The Philadelphia Flyers got the NHL buzzing once again this past week. Just a week removed from their boat race against Winnipeg, the Flyers put a damper on Jeff Carter's return to Philadelphia with a 9-2 thrashing of the Blue Jackets Saturday. (Carter was a scratch due to a broken foot). However, the lopsided win Saturday was not the story of the week, as Daniel Briere drew even the attention of the mainstream sports media Thursday night. His shootout goal gave every hockey fan the privilege of hearing pundits weigh in Friday on a sport whose existence they rarely acknowledge.
In a move no doubt inspired by Maverick's famed "I'll hit the brakes and he'll fly right by" maneuver from Top Gun, Briere gave charging Devils' goalie Johan Hedberg a snow shower, with Briere stopping both his and the puck's motion prior to dancing around the Moose for an easy goal. The play was reviewed and the NHL deemed that the puck remained in motion and thus allowed the goal to stand. More discussion of the move certainly would have occurred had New Jersey not eventually won the shootout.
Briere's goal brought up the debate regarding the interpretation and lack of enforcement of shootout rules when it comes to moves involving what appears to be a stoppage in continuous skating motion. Since the NHL has established a precedent by allowing the spin-o-rama goals to stand, there was not much wiggle room for them to disallow the Briere goal, despite it being a violation of the shootout's rules. One has to wonder why more and more players don't attempt moves like Briere's, or, if they do, will the league reinterpret the rule midseason as they did with Sean Avery's stick waving fiasco during the 2008 playoffs against New Jersey.
While the shootout certainly has some merits, it does have its faults and is still regarded as a gimmick in many circles of discussion. An ignoring of its rules in favor of allowing players to pull off audacious moves such as the spin-o-rama and Briere's Top Gun-inspired deke will do little to quell the debate about the shootout's veracity almost as much as the awarding of points in the standings to losing teams.
Heirs Apparent and Ageless Wonders
One of these years Nicklas Lidstrom is going to stop playing hockey. It may never happen in our lifetime or those of our children, but Lidstrom will no longer be an NHL player at some point in the distant future. The talented veteran posted two goals and an assist in Saturday's crushing of Anaheim and had three goals total this past week. Lidstrom's ability is nothing new to fantasy hockey poolies, but the Red Wings have taken steps to ensure the passing of the blue line throne to Niklas Kronwall and Ian White.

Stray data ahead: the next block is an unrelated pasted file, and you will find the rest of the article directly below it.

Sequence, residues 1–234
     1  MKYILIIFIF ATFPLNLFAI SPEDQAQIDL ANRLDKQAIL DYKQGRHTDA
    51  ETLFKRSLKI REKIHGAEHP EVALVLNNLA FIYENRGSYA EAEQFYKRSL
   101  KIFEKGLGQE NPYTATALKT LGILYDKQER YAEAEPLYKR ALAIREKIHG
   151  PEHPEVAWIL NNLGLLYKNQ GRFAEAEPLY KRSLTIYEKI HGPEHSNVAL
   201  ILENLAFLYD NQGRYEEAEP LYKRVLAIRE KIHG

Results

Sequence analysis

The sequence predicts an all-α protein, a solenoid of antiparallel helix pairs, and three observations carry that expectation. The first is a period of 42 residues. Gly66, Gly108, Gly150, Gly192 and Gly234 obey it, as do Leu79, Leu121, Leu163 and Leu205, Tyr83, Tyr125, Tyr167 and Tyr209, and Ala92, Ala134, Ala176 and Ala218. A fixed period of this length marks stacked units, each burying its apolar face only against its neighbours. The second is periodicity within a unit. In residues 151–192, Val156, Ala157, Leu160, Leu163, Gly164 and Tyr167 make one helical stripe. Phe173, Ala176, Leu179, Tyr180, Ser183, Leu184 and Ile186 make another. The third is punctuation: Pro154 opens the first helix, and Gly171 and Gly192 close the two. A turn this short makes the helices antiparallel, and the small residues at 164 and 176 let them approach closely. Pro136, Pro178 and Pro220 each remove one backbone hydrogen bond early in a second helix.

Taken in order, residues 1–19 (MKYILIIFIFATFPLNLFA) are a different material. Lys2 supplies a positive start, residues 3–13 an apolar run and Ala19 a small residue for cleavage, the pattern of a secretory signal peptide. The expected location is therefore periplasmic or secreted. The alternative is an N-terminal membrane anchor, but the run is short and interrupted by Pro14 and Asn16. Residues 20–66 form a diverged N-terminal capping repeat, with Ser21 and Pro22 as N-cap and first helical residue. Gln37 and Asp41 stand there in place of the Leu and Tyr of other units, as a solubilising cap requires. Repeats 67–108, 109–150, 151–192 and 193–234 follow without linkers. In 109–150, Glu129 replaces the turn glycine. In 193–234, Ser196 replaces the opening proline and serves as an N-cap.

With the retirement of Brian Rafalski this past offseason, the Red Wings realized they had to make moves for the future; Detroit inked Kronwall to a seven-year contract extension this past week. Kronwall won't score at a pace like Lidstrom's, but he does have seasons of 51 and 37 points to his credit. This season has started a little slowly for Kronwall, with just four points through 12 games and a minus-5 rating, but the hard-hitting Swede does have impressive numbers with 30 blocked shots. Much of Kronwall's value lies in his intangibles and defensive play, but he is line to assume the mantle of scoring once Lidstrom leaves. One has to assume he'll produce more when given greater opportunities to do so.
Kronwall's teammate, Ian White, was brought in to replace Rafalski as Rafalski was once brought in to assume the role left vacant by Mathieu Schneider. White has six points through 12 games and sports a plus-4 rating; three of his assists have come on the power play. White sees 3:18 per-contest on the power play and is putting three pucks on goal per-game. White and Kronwall do not equal one Nicklas Lidstrom, but they are two solid additions to any roster. Odds are you will have to trade to acquire both of them, but these two will see a large increase in value should any injury befall Lidstrom. White appears to have found his place in Detroit after playing on four teams the two seasons prior to this one.
While Alexander Edler and Sami Salo (who is currently nursing a groin injury) are enjoying time spent on ice with the Sedin twins, last year's plus-minus machine, Kevin Bieksa, is giving his owners a shadow of his offensive production from two seasons earlier when he notched 41 points. Recently signed to a five-year, $23 million contract, Bieksa is off to a disappointing start with three assists and a minus-8 rating in 14 games. Bieksa is fourth on the team in power-play ice time through Saturday, averaging 1:40, but second overall with 22:47 per-game. The concern presently is his plus-minus rating, as Bieksa notched 22 points last season, definite regression, but he was at least on the ice in scoring situations. It appears that Bieksa's higher scoring seasons of 42 and 43 points may be the aberration. As far as Bieksa bouncing back this season, it may not happen. He'll need an injury on the team to Edler or Salo to secure more offensive opportunities and even Dan Hamhuis is seeing more power-play time than the $23 million man.